The coastie-sconnie dilemma. I’m sure you’ve read a column or two related to this subject for the past several semesters. But before you turn the page, understand that my perspective is one you’ve probably never read before.
If not, send me a hateful e-mail or something for wasting your time. I can take it.
See, my bar mitzvah was March 31, 2001 in Sudbury, Mass. This means several things, one being I come from a Jewish family, another being I’m from the East Coast, and thus, I must be — yes, you nailed it — a coastie.
But my defense against that resides in the name of my freshman residence hall, Sellery Hall. Coasties don’t live in Southeast campus, right?
Please, read on.
According to Mr. Webster himself, the word “assimilation” means “The process by which a person or persons acquire the social and psychological characteristics of a group.”
We clearly have an assimilation problem here on this campus. But the question is: Why? Those who think there are too many out-of-state undergraduates are just as at fault as those who choose not to assimilate. Diversity, even geographically speaking, is a good thing. It’s why this school is what it is.
The root of this assimilation problem lies in the foundation of two large buildings overlooking State Street, one on top of Potbelly’s, the other on top of Urban Outfitters. Like Harry Potter’s arch nemesis, we will keep them unnamed.
These two buildings have not only perpetuated the coastie stereotype, but have also segregated this campus, to some degree.
And the stereotypes are often times stemmed from ignorance, as are the sconnie stereotypes, to be fair. It’s like when my dad taught me to hate the Yankees at age 3. I didn’t know why, but I began to loathe even the thought of pinstripes. Today, high school seniors from Oconomowoc are taught what a coastie is when they first step foot on campus. They generalize without ever having met anyone east of Milwaukee. That’s how stereotypes work.
And it’s because of those buildings. Know how I know? Because my friends from Oconomowoc don’t consider me a coastie. I shared a bathroom with 27 other guys just like they did freshman year.
Freshman year is a time to meet new people. And your freshman friends are the ones with whom you typically sign a lease for sophomore year.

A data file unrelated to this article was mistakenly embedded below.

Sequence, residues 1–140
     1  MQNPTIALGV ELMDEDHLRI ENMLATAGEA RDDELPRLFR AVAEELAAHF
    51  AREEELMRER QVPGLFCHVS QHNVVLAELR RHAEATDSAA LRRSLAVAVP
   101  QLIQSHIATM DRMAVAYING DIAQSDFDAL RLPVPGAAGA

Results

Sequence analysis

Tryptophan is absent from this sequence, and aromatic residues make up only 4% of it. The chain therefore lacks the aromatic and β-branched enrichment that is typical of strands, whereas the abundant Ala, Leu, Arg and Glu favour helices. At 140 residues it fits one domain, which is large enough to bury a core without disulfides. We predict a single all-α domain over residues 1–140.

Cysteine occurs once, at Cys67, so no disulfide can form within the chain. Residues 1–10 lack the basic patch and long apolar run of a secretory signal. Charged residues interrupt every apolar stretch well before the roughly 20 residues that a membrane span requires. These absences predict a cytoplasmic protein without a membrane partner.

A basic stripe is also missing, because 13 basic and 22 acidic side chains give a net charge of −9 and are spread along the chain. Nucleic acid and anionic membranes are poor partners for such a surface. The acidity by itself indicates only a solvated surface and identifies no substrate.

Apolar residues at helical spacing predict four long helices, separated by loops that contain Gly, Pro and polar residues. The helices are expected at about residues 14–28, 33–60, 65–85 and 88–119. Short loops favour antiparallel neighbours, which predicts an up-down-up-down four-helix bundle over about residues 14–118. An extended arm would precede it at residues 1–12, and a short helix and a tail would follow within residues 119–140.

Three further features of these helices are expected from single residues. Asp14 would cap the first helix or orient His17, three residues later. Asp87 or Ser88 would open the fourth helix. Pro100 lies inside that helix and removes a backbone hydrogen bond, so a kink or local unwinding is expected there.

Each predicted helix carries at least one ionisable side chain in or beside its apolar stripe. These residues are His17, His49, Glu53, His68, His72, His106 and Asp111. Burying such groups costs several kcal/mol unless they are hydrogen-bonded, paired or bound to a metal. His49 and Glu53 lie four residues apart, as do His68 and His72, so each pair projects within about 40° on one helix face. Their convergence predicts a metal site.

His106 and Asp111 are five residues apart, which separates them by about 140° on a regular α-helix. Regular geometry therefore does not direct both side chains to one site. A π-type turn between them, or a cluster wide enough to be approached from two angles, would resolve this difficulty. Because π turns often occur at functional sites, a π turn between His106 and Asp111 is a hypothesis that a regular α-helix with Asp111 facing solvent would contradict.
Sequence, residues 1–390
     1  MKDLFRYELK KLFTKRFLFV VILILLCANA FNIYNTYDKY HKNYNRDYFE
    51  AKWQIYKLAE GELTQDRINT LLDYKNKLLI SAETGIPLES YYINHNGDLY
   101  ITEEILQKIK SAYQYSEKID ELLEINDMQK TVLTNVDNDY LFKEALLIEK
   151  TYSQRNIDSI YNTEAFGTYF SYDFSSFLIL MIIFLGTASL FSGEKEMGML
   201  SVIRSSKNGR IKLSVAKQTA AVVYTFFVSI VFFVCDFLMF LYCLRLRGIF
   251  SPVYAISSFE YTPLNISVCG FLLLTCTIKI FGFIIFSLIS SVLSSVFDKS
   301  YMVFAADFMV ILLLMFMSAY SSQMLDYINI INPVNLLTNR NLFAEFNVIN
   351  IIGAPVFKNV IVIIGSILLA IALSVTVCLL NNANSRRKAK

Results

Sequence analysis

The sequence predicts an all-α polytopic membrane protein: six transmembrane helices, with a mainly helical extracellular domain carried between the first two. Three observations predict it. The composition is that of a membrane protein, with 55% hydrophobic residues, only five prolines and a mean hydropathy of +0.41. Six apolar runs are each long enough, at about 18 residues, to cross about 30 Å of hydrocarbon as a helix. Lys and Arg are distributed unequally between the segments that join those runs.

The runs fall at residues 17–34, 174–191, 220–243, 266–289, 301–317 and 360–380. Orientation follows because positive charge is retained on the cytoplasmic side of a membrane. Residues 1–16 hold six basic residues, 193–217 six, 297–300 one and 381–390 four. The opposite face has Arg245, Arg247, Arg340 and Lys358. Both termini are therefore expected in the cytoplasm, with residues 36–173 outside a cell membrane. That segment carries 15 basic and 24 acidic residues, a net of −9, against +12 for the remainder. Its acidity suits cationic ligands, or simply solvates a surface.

Herein lies the problem.
It’s not the coasties themselves that people have a problem with, it’s the “coastie scene.” There are coastie private dorms, primarily coastie upperclassmen residential areas, coastie bars and coastie Greek life. And if you’re a member of one, chances are you’re a member of many, if not all. It’s essentially a Badger subculture, only isolated in many ways. That’s what people find obnoxious. If you’re going to fly to school, at least make an effort to branch out. Those buildings almost encourage the opposite.
Don’t believe me? Take University of Michigan as an example. Very similar academic and demographic characteristics as Madison. No private dorms. No coastie-sconnie (what’s a semi-derogatory name for a Michigander?) tension or hostility. For me, it’s that simple. Eliminate the buildings that shall not be named and the segregation, as well as much of the tension, is gone. Force kids to live in the public dorms, and the hometown-based feud vanishes in a cloud of newfound, formerly unthinkable friendships and experiences. Cute, I know, but it’s true.
To clear things up, I’m not faulting anyone who chooses to live in the private dorms — though I question why they came to Wisconsin in the first place. Although I’m glad I didn’t, I’m fine with those who choose that path. But unfortunately for everyone, it’s created things that need not exist at a university as highly touted as UW: tension, stereotypes and hostility based mostly on ignorance and a lack of interaction and communication.
Barack Obama is our president and yet this issue reminds me more of the 1950s than it does 2010, which is now just weeks away.
My impromptu, not-thought-out solution is for UW to buy the buildings and make them part of a newborn, integrated university.
Unfortunately, the feasibility of that is probably next to none. But until this campus rids itself of those looming towers (pun intended) overlooking that string of ethnic restaurants on State Street (ironic, isn’t it?), expect the coastie-sconnie skirmish to continue. It’s the one glaring downfall of an otherwise extraordinary collegiate cultural experience.
Derek Zetlin ([email protected]) is a senior majoring in economics.